In addition, the inhibition of matrix metalloproteinases and, presumably, the subsequent increase in collagen have been shown to result in the beneficial remodeling of treated diseased hearts. Interruption of matrix metalloproteinases with drug therapy has been shown to reduce chamber dilation in CHF animal models. However, drug therapy for inhibiting matrix metalloproteinases may present potentially serious problems. The systemic inhibition of the matrix metalloproteinases has been found to produce a variety of side effects, such as joint and muscle pain. Therefore, a need exists for a therapy that specifically targets the desired tissue or organ to be treated.
Another aspect of degenerative remodeling is ischemic cardiomyopathy. In ischemic cardiomyopathy, a loss of blood flow or ischemia to a portion of the heart muscle causes not just weakness or scarring to that portion, but subsequently a progression to chamber dilation and failure. The loss of blood flow may be the result of arteriosclerosis, other cardiac diseases, or injury, which can result in a partial or complete blocking of blood flow to a region of the heart. The limited blood flow may result in localized tissue death known as an infarction. The presence of an infarction weakens contraction in that region and therefore degrades the heart's performance. To compound the problem, the myocardial tissue adjacent to the infarction typically receives a reduced blood flow and, therefore, exhibits reduced contractility. The zone receiving the reduced blood flow is known as an ischemic zone. The ischemic zone further inhibits the hearts ability to contract. Further, the elevation of matrix metalloproteinases, reduction in TIMPs, and consequent degradation of collagen may play an additional role in ischemic cardiomyopathy. To improve cardiac output in patients with ischemic cardiomyopathies, there is a need to re-establish blood flow to the ischemic zones.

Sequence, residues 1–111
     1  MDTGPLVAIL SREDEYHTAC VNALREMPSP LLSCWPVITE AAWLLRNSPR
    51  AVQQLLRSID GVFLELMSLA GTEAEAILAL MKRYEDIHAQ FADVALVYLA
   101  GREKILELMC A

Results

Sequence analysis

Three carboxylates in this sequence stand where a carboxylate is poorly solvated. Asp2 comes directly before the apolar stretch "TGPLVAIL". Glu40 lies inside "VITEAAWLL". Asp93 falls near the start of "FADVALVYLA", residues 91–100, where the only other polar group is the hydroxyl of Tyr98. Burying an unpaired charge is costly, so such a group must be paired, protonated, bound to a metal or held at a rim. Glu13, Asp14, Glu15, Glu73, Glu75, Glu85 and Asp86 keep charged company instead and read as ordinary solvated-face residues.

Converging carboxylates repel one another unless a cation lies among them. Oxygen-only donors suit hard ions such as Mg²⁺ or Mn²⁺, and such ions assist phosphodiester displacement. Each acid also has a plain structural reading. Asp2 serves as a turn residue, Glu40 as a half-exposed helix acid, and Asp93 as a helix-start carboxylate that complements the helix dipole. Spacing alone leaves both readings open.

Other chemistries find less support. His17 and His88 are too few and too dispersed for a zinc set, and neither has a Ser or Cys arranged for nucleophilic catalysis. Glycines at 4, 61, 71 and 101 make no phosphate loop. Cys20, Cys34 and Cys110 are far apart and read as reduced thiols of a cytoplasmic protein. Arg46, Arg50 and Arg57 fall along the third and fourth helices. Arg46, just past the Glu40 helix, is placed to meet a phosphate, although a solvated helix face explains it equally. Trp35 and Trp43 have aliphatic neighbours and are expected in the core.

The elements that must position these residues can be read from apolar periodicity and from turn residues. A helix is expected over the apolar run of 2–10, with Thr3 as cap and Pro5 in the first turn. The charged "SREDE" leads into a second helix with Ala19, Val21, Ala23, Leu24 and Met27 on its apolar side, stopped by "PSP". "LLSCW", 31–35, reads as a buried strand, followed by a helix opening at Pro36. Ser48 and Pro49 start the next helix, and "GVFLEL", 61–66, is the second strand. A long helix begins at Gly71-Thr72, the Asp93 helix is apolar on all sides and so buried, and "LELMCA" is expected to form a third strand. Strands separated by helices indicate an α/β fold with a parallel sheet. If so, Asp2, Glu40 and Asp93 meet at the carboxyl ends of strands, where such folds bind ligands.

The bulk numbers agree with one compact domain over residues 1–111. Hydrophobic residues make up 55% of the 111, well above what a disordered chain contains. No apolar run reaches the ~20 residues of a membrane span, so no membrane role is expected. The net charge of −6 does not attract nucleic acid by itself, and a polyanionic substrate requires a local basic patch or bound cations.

Re-establishing blood flow to the ischemic zone has been shown to improve cardiac function. Re-establishing blood flow may be accomplished through angiogenesis in which the body generates additional blood vessels in a particular region. Prior methods for re-establishing blood flow and rehabilitating the heart frequently involved invasive surgery such as bypass surgery or angioplasty. Other methods have used lasers to bore holes through the infarctions and ischemic zones to promote blood flow. These surgeries are complicated and dangerous. Therefore, a need exists for a safe non-invasive method for re-establishing blood flow.